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Open Access Research article

Overexpression of inhibitor of DNA-binding (ID)-1 protein related to angiogenesis in tumor advancement of ovarian cancers

Min Khine Maw, Jiro Fujimoto* and Teruhiko Tamaya

Author Affiliations

Department of Obstetrics and Gynecology, Graduate School of Medicine, Gifu University School of Medicine, 1-1 Yanagido, Gifu City 501-1194, Japan

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BMC Cancer 2009, 9:430  doi:10.1186/1471-2407-9-430

Published: 10 December 2009



The inhibitor of DNA-binding (ID) has been involved in cell cycle regulation, apoptosis and angiogenesis. This prompted us to study ID functions in tumor advancement of ovarian cancers.


Sixty patients underwent surgery for ovarian cancers. In ovarian cancers, the levels of ID-1, ID-2 and ID-3 mRNAs were determined by real-time reverse transcription-polymerase chain reaction. The histoscore with the localization of ID-1 was determined by immunohistochemistry. Patient prognosis was analyzed with a 36-month survival rate. Microvessel counts were determined by immunohistochemistry for CD34 and factor VIII-related antigen.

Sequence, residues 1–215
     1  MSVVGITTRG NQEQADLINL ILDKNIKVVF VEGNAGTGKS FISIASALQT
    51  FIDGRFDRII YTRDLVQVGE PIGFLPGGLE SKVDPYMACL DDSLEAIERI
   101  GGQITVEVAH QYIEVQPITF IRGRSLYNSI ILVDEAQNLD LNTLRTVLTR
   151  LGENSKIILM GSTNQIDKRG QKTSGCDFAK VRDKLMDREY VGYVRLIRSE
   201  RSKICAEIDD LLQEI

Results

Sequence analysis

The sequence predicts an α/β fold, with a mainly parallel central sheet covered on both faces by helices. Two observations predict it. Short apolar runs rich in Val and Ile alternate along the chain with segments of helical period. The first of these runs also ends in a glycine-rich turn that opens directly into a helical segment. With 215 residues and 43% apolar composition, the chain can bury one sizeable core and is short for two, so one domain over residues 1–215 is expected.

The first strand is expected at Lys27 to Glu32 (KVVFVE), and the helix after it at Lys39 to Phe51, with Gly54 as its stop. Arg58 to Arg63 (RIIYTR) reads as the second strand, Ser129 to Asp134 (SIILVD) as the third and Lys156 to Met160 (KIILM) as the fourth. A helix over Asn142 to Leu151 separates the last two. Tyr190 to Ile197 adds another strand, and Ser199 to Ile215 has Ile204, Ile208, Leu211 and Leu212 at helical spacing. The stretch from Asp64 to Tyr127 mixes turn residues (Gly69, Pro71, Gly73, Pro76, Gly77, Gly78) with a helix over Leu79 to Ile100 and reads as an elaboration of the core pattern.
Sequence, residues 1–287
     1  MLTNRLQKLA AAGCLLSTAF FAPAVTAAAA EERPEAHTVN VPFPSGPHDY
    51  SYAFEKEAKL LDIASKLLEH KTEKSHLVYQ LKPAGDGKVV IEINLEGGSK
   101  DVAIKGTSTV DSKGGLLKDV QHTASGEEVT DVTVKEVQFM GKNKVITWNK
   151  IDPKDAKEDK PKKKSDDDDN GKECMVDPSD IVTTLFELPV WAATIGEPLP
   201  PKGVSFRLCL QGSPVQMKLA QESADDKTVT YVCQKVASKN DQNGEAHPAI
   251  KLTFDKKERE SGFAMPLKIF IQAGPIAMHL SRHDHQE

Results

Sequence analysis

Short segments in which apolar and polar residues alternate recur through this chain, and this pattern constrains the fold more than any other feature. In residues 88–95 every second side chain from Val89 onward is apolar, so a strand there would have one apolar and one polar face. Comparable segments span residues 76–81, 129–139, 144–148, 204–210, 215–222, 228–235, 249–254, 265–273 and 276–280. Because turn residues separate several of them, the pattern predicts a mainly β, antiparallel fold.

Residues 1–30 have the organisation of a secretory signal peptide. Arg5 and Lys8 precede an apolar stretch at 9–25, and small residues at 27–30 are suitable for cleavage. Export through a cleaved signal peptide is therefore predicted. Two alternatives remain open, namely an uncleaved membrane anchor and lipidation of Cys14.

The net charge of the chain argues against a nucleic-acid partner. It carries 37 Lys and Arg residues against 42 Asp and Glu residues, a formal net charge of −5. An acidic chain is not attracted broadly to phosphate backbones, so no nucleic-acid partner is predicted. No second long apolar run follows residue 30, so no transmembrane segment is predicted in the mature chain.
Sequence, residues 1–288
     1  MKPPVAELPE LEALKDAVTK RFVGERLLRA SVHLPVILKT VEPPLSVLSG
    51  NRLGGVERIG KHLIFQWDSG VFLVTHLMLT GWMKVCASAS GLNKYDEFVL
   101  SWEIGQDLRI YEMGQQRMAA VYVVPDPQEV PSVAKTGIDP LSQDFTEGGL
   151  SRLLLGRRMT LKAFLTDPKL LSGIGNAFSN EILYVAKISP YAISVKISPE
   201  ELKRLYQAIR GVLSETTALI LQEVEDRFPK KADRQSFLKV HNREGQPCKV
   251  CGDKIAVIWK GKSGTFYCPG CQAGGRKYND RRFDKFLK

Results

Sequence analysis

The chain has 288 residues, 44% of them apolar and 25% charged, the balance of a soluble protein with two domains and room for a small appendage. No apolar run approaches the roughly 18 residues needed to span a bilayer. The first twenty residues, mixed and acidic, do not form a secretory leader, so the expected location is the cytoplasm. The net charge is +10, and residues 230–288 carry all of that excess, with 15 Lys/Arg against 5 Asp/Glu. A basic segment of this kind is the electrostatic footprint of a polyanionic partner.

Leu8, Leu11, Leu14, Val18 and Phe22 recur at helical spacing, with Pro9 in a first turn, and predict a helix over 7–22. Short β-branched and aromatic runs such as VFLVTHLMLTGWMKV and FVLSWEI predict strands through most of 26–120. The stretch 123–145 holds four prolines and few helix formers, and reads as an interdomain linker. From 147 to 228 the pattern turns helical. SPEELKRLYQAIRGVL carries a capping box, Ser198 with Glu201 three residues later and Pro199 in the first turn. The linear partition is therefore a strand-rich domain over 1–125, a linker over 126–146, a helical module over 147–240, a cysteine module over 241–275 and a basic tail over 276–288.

ID-1 histoscores and mRNA levels both significantly (p < 0.001) increased in ovarian cancers according to clinical stage, regardless of histopathological type. Furthermore, 30 patients with high ID-1 expression had a lower survival rate (53%) compared to patients with low ID-1 expression (80%). ID-1 histoscores and mRNA levels significantly (p < 0.0001) correlated with microvessel counts in ovarian cancers.


ID-1 increased in ovarian cancer cells during tumor progression. Moreover, ID-1 expression levels correlated with microvessel counts. Therefore, ID-1 might work on tumor advancement via angiogenesis and is considered to be a candidate for a prognostic indicator in ovarian cancers.